The immunological assays are based on the production of appropriate antibodies against the cyclosporine in question. The concentration of the antigen can be determined with the aid of such antibodies and available immunoassay techniques. A major problem of this method is that it requires a great deal of manual operation and the possibility of crossover reactions with therapeutically inactive compounds.

Chromatographic methods employ the separation by means of physical effects of the compound to be analyzed, from substances which would affect the accuracy of the determination. Therefore, the sensitivity of the analysis is strongly affected by the quality of the detector and also by the quality of the separation. A special drawback of this method is that relatively large amounts of material are required to determine the cyclosporine concentration e.g. in blood plasma, as well as the requirement for special apparatus.

DESCRIPTION OF THE INVENTION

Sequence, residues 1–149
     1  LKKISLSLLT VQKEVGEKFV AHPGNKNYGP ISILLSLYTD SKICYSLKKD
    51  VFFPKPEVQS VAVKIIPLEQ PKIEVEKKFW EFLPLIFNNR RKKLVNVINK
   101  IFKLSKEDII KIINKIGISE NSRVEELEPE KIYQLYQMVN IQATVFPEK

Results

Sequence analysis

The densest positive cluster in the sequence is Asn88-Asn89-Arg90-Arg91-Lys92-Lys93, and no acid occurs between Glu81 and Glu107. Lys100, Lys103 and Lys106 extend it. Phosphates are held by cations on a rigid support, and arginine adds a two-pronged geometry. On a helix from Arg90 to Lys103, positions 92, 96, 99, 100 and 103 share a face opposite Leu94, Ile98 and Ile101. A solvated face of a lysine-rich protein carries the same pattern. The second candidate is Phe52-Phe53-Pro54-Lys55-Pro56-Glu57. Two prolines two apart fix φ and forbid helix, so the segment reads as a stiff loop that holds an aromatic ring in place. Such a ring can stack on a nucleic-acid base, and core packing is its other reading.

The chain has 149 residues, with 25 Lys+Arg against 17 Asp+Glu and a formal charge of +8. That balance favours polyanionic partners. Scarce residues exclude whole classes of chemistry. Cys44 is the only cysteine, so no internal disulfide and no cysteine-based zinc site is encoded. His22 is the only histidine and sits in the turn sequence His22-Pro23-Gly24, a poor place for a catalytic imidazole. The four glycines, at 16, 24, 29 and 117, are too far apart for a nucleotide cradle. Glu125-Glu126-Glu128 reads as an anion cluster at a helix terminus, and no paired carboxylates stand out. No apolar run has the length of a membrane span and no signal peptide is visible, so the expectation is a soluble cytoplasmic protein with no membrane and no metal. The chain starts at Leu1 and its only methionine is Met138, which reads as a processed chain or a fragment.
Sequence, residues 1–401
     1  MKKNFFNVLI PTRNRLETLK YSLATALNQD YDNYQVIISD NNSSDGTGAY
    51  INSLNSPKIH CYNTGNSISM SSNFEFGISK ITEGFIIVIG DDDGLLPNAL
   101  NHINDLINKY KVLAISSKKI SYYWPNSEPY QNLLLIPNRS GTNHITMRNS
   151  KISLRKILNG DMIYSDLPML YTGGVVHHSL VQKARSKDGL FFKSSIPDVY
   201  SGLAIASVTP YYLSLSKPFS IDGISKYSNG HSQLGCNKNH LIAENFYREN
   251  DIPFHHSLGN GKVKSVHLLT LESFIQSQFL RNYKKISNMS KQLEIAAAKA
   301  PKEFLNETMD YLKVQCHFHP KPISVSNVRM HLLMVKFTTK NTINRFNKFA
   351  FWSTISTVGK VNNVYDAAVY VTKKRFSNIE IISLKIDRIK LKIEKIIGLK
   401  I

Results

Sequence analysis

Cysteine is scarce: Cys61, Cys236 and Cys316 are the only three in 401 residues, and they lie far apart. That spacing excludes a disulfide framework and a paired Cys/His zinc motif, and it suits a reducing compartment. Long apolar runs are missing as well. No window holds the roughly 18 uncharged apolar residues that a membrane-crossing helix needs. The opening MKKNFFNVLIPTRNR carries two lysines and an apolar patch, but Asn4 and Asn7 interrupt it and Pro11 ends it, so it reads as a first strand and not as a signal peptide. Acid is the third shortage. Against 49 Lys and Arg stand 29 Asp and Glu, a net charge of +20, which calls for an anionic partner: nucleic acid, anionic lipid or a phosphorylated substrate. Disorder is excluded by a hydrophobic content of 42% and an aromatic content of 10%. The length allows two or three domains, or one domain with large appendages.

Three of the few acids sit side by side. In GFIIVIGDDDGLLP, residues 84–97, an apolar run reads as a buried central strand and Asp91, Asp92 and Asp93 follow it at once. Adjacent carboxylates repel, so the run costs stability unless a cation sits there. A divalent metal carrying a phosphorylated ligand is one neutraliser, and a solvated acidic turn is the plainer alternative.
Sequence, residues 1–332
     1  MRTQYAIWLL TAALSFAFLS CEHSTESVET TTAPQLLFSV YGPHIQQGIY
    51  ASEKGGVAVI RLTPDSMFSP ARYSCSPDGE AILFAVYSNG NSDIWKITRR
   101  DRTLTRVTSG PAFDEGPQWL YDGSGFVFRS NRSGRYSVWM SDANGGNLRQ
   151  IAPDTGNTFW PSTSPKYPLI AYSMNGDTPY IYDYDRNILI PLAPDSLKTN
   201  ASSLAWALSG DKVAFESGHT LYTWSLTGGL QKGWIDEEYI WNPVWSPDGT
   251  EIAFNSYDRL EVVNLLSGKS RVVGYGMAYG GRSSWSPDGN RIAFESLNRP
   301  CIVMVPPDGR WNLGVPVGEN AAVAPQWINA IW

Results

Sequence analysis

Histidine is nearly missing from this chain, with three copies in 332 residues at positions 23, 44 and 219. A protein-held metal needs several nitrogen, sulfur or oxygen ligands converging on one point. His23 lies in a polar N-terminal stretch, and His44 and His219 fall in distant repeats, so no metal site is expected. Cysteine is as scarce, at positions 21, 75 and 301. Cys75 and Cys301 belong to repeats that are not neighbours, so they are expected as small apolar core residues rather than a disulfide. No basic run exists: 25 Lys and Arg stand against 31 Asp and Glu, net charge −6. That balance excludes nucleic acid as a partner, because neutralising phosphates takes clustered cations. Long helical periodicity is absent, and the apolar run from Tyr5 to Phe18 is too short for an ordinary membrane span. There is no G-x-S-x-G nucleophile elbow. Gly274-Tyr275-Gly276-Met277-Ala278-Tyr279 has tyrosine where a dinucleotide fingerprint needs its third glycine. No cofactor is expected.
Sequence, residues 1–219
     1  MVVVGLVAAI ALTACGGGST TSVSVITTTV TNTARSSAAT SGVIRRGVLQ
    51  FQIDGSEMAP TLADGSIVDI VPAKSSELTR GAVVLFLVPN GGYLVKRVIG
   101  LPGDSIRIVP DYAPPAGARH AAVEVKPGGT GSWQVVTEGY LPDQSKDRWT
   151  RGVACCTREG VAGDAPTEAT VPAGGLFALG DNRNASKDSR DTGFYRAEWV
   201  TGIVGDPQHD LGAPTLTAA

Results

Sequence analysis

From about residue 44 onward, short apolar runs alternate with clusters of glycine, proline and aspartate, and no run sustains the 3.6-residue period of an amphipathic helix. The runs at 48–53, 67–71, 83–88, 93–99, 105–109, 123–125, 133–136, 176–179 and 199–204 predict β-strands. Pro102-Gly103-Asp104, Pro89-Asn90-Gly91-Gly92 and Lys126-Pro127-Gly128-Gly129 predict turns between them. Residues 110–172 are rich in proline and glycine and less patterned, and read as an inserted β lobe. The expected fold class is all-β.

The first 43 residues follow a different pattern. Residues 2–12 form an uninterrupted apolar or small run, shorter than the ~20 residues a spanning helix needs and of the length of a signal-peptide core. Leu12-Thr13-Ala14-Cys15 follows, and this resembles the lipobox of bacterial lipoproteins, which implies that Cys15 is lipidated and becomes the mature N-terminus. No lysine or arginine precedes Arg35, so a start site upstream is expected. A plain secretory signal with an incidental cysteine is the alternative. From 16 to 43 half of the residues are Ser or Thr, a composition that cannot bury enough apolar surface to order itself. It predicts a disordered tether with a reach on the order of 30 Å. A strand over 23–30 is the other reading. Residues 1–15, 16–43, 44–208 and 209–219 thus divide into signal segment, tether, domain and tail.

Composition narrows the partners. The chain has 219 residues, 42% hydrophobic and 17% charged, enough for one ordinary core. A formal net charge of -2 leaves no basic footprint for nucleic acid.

The present invention provides a simple method for the quantitative determination of cyclosporines in humans medicated thereby, with high sensitivity and small sample requirement. The process of the present invention involves the adding to the sample such an amount of an isomerase enzyme which isomerizes peptide linkage N-terminally to proline that the enzyme activity achieves the range of about 10-90% of the level found in a reference solution devoid of cyclosporine, then measuring the inhibition of the enzyme-catalyzed isomerization of a proline-containing substrate, and determining the concentration of cyclospoine from a calibration curve. The process is carried out with a catalytically active peptidyl-prolyl cis-trans isomerase (PPlase) which is sensitive to cyclosporines (see Schonbrunner et al. Jnal. of Bio. Chem. Vol 266 (1991) p. 12). Schonbrunner et al. describes the catalytic activity of peptidyl-prolyl cis/trans isomerases (PPlases) as follows: "Peptidyl-prolyl cis/trans isomerases (PPlases catalyze the slow cis=trans isomerization of Xaa-proline peptide bonds in short synthetic peptides. This enzymatic activity was first detected and purified from porcine kidney by Fischer et al. (1984). Proline isomerization is widely accepted to be one of the rate-determining steps in protein folding (Brandts et al., 1975; Schmid and Baldwin, 1978; Schmid et al., 1986). Porcine PPlase accelerates such reactions in the refolding of several small proteins in vitro (Lang et al., 1987; Lang and Schmid, 1988; Lin et al., 1988; Fischer and Schmid, 1990). PPlase from porcine kidney is a cytosolic protein of 17-kDa molecular mass. Sequencing surprisingly revealed this protein to be identical with cyclophilin from bovine thymocytes (Takahashi et al., 1989; Fischer et al., 1989). Cyclophilin had been identified originally as the major high affinity binding protein for the immunosuppressive drug cyclosporin A (C&A) (Handschumacher et al., 1984); Harding et al., 1986). Cyclophilins are very widely distributed. They have been found in virtually all organisms and in different cell compartments such as the cytosol, mitochondria, the endoplasmic reticulum, and in the periplasm of Escherichia coli (Handschumacher et al., 1984; Danielson et al., 1988; Tropschug et al., 1988; Davis et al., 1989; Lightowlers et al., 1989; Kawamukai et al., 1989; Shieh et al., 1989; Schneuwly et al., 1989; Haendler et al., 1989; Dietmeier and Tropschug, 1990; Liu and Walsh, 1990). The various members of this protein family share a high degree of sequence similarity. Several cyclophilins have been shown to display prolyl isomerase activity when assayed with a synthetic oligopeptide (Davis et al., 1989, Tropschug et al., 1990).